Money and Markets

Seven positive signs for China

By Tony Sagami
Money and Markets
Jupiter, Florida

Have you become more optimistic about the stock market? If you listen to the experts on CNBC, you might think that a great bull market is right around the corner. The most commonly cited reason to be optimistic: Some variation of "business isn't sucking as bad as it used to." Honestly, I don't know what those guys are smoking. Because the economic news I see is absolutely horrible ... — 922 words.

Spirit Quest

Our country, a home and a refuge

By The Rev. Dr. Hanns F. Skoutajan

It is somewhat surprising and ego deflating that when one leaves Canada for a few days one scarcely hears a whisper about this land, the True North, Strong and Free. It isn’t that this is an unknown land, lots of people have heard about our nation, indeed, it is held in high esteem all around the world. Its just that the day to day happenings that affect Canadians don’t make it into the news, especially if you rely only on Fox or CNN. — 545 words.

Random Acts of Poetry

Make a lie

By Mike Heenan
Literary Editor
True North Perspective

74 words.


Grow your own fur coat

What's the matter with humans anyway?

By Simon Teakettle
True North Perspective

Barbara Florio Graham is the author of Five Fast Steps to Better Writing, Five Fast Steps to Low-Cost Publicity, and Mewsings/Musings. Her website is

The Lady Who Shares My Computer is pretty intelligent, and I've been able to teach her quite a lot in the 13 years we've lived together. However, I must confess one failure. I can't seem to show her how to grow her own fur coat. She has some fur, of course, but only in certain places, which I find very odd. Because of this, she needs things called "clothing," which are unnecessarily complicated and require an amazing amount of maintenance. — 866 words.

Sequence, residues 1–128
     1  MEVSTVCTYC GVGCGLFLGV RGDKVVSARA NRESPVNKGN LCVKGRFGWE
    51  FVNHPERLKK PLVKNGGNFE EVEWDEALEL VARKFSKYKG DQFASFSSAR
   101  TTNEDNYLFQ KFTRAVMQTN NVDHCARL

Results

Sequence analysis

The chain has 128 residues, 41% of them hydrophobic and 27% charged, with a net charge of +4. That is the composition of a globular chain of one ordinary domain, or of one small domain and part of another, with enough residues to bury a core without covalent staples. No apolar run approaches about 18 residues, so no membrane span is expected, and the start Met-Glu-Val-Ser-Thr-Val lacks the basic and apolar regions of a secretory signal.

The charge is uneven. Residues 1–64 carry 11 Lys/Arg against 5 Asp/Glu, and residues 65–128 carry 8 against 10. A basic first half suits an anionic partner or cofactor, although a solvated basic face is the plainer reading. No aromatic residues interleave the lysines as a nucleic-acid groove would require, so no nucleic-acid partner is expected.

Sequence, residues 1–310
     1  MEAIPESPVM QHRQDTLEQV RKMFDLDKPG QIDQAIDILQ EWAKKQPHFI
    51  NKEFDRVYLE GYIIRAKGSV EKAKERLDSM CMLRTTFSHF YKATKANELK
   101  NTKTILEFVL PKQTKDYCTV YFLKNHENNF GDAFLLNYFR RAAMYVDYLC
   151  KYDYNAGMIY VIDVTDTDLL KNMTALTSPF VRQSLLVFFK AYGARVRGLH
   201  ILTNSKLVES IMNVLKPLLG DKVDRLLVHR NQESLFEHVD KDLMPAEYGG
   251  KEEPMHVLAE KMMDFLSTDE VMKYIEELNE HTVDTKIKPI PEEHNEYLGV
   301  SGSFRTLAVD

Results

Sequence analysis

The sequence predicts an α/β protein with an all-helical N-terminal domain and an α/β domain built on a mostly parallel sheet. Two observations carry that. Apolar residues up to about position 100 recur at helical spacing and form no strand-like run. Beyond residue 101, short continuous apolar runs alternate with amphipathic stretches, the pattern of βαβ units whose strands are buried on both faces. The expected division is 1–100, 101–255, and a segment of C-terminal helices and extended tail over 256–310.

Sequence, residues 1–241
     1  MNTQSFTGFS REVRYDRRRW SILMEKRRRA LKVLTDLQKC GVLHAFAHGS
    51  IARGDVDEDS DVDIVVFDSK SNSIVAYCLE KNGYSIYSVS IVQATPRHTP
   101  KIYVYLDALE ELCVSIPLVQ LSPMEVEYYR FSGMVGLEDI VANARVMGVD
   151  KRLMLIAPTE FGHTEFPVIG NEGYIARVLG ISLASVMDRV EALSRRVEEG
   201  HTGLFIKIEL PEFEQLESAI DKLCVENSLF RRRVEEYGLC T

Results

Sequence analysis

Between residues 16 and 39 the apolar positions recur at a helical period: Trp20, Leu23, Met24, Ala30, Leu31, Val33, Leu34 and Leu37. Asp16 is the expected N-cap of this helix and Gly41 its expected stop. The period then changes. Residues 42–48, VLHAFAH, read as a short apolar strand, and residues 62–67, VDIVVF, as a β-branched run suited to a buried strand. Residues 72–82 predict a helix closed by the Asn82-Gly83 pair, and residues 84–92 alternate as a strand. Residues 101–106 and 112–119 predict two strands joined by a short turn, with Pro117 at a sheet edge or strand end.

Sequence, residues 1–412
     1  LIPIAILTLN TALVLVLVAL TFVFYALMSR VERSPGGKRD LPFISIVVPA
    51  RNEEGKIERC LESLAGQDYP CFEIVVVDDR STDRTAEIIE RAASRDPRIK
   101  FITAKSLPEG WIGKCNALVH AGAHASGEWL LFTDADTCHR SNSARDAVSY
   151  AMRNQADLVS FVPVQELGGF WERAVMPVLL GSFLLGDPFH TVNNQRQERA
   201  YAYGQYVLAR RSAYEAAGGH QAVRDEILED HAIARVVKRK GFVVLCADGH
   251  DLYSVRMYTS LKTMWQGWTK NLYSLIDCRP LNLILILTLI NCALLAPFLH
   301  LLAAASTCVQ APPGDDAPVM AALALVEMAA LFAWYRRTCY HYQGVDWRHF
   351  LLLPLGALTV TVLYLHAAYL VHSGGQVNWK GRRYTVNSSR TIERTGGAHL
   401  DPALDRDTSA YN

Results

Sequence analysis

A short story by Carl Dow
Editor and publisher
True North Perspective

The Old Man's Last Sauna

He saw her beautiful through the waiting-room window. She looked as young and as lithe as memory. Indeed, because of the way she carried her years, and because he so imaged his father, casual observers would conclude anything but that they were mother and son. Their embrace, though brief, was as enclosing as lovers; then cheek-to-cheek several times saying hello repetitively, just as most of us say goodbye. — 5,595 words.

Website may be path to success
for authors, publishers, and companies

Prolific best-selling Ottawa author and publicist Randy Ray has developed a website to promote his publicity services, which he offers to authors, publishers and companies. Mr. Ray has helped many clients get their message out across Canada on CTV, CBC Radio, CH-TV, A-Channel and Global TV, and in the Globe and Mail, Toronto Star, Ottawa Citizen, Ottawa Sun, Halifax Herald and many Ottawa-area weekly newspapers. Mr. Ray's web site is: He can be contacted at: (613) 731-3873 or

Link not working? Story not loading? Can't click on the links? Got another computer problem? Never fear! Carl is here!

If you have any problems with accessing the newsletter or problems with your computer, send an email to Carl Hall , and he will be more than happy to assist you.


Carl Dow, Editor and Publisher
Geoffrey Dow, Managing Editor
Yvette Pigeon, Associate Editor
Mike Heenan, Literary Editor
Benoit Jolicoeur, Art Director
Ian Covey, Director of Photography
Carl Hall, Technical Analyst and Web Editor
Contributing Editors
Anita Chan, Australia
Rosaleen Dickson
Tom Dow
Bob Kay
Randy Ray
David Ward
Harold Wright